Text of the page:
2 Small Apples
1/3 Cup Raisins, soaked in water 30 minutes
1 Teaspoon Cinnamon
¼ Teaspoon Ginger
2 Tablespoons Fresh Lemon Juice
2 Tablespoons + 1 Teaspoon Raw Honey
1 Teaspoon Vanilla
½ Teaspoon Salt
Pour the sauce over the apple pear mixture, stir well, and place mixture in the refrigerator. Let marinate for 2-3 hours.
1 ¼ Cups Raw Pecans
¼ Cup Raw Almonds
¾ Cup Medjool Dates, pitted
½ Teaspoon Salt
Process nuts, dates, and salt until crumbly, but not blended. Sprinkle crumble over the apples pear filling, and press down slightly. Do this until all the crumble is gone, and you’ve covered the entire dish.
Serve immediately, or dehydrate at 105 degrees F. for 3 hours and then serve. Cobbler will remain fresh for 3 days in the refrigerator.
Through reading and talking with others the best piece of advice I can offer anyone considering a raw vegan diet is to do some research. Make sure you fully understand what the diet is and how it affects your body. There is so much more information than I could even begin to provide you with in this article. You will want to be sure to have a support system. I felt more comfortable after talking with Josh and Chef Jenny. It is easier to visualize something into your life if you can talk with someone who lives that way. Do not feel like making a change is not worth doing if you do not go all the way. Anytime you incorporate more raw foods into your diet you are doing yourself a favor.
From my research here are a few of the practices in a raw vegan diet that I find to be approachable in my life, but you should also do some research to find what is right for you…
- Drink Green Smoothies. Check out purelysimpleraw.com for recipes, and don’t forget to share with a friend.
- Eat organic as often as possible.
- Variety is key: eating the rainbow (a variety of colors) is necessary to get a variety of nutrients.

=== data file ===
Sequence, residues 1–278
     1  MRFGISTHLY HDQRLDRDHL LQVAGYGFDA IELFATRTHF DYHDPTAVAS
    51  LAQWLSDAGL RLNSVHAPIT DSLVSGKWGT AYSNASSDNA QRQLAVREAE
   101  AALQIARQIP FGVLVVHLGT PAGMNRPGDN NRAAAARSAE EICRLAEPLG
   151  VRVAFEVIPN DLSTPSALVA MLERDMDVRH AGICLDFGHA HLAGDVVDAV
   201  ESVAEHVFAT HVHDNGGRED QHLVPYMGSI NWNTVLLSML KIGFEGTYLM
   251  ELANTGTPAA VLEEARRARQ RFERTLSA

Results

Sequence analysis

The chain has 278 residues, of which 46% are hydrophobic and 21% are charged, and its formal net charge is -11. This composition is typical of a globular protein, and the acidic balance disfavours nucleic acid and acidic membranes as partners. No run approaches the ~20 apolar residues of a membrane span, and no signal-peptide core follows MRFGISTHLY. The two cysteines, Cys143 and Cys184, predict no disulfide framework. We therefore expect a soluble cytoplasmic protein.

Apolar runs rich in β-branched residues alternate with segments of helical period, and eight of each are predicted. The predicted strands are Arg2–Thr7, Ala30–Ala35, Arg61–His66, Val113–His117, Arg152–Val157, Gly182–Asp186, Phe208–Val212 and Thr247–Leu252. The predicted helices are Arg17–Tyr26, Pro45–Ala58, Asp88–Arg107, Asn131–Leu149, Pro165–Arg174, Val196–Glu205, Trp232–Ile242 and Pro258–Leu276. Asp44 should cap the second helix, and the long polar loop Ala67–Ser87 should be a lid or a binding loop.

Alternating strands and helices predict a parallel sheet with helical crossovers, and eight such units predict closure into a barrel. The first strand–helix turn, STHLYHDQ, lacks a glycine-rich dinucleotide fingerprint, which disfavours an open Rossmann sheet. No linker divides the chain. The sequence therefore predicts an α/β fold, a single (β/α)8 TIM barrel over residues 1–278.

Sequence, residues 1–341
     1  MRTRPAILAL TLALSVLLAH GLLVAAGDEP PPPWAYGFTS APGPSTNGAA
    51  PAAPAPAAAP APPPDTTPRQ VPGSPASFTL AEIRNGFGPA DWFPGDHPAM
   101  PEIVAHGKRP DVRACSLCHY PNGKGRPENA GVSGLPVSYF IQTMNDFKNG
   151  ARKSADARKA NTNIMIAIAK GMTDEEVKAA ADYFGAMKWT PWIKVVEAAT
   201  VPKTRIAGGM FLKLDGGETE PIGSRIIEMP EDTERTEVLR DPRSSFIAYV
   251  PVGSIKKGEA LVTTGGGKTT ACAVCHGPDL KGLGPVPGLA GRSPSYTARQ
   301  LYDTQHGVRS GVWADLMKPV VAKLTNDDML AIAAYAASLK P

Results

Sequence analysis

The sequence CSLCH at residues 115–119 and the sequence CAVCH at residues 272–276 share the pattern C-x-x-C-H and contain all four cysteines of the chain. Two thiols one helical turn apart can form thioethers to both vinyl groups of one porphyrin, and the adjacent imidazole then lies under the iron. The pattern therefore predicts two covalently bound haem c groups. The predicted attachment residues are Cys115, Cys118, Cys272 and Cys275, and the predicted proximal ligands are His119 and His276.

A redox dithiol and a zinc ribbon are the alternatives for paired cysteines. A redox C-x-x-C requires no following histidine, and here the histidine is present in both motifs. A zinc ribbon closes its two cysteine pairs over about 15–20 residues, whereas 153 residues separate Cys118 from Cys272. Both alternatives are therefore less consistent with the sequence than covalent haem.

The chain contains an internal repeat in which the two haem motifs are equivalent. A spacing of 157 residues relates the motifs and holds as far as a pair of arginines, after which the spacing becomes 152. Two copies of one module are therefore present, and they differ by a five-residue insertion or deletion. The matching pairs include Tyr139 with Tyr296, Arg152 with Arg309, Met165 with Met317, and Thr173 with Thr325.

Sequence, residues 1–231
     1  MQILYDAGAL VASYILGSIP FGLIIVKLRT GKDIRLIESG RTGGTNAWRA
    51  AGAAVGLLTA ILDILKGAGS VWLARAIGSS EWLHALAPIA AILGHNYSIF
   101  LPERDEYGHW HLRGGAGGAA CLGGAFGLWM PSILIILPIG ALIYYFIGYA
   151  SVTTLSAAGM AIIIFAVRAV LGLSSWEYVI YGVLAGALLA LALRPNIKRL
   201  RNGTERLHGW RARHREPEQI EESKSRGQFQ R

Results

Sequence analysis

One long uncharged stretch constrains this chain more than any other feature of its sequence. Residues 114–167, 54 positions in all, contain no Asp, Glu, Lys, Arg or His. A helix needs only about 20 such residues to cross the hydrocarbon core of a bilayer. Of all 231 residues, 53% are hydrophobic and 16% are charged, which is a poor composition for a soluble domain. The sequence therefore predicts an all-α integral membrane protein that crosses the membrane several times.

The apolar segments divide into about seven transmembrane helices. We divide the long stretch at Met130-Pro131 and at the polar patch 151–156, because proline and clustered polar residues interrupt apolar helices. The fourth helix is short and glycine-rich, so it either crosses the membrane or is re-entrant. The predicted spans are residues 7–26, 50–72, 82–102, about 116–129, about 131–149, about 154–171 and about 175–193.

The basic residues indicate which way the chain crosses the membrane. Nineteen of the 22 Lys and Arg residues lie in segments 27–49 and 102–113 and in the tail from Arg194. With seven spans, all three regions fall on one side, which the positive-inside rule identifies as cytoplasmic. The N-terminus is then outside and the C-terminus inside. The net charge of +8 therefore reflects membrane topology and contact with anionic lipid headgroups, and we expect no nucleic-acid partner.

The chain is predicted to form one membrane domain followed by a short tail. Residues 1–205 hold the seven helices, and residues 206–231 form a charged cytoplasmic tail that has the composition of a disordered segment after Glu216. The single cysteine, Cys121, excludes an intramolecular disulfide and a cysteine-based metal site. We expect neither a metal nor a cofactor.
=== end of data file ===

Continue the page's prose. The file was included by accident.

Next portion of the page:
- Eat fermented foods like unpasteurized sauerkraut frequently; it will help alkalize the body.
- Create a mini garden in your kitchen by sprouting, and growing micro greens. Sprouts are good if you seek protein, and what a great way to bring life in the winter months. For directions on this see The Simply Raw Living Foods Detox Manual (pages 41 and 45).
I will leave you with a final recipe for a juice smoothie that Josh shared with me. It is warming, comforting, and filling. The name alone made me smile.
5-7 Small Carrots-Juiced
2 Bananas-Ripe and frozen
1 Inch Fresh Ginger-Juiced
Dash of Cinnamon
Grated Fresh Nutmeg (Fresh nutmeg tends to be less bitter than already ground)
Blend together and Enjoy.
If you share your Magic Bunny, you’ll make someone very happy!
Be sure to check Whole Foods Market: Dublin and Purely Simple Raw for upcoming Raw Food classes with Chef Jenny Mrkobrad (Spring/Summer 2013) and join me for our Healthy Eating Resolutions beginning January 22, 2013. For details, look for the upcoming January calendar.
With “A Kitchen Inspired” we will share with you the current and up and coming ingredients, products and cooking methods that inspire our team members, chefs and the kitchen at Whole Foods Market Dublin. Let us know if you’re starting a raw foods diet for the new year at email@example.com.
Founded in 1980 in Austin, Texas, Whole Foods Market (wholefoodsmarket.com, NASDAQ: WFM), is the leading natural and organic food retailer. As America’s first national certified organic grocer, Whole Foods Market was named “America’s Healthiest Grocery Store” by Health magazine. The company’s motto, “Whole Foods, Whole People, Whole Planet”™ captures its mission to ensure customer satisfaction and health, Team Member excellence and happiness, enhanced shareholder value, community support and environmental improvement.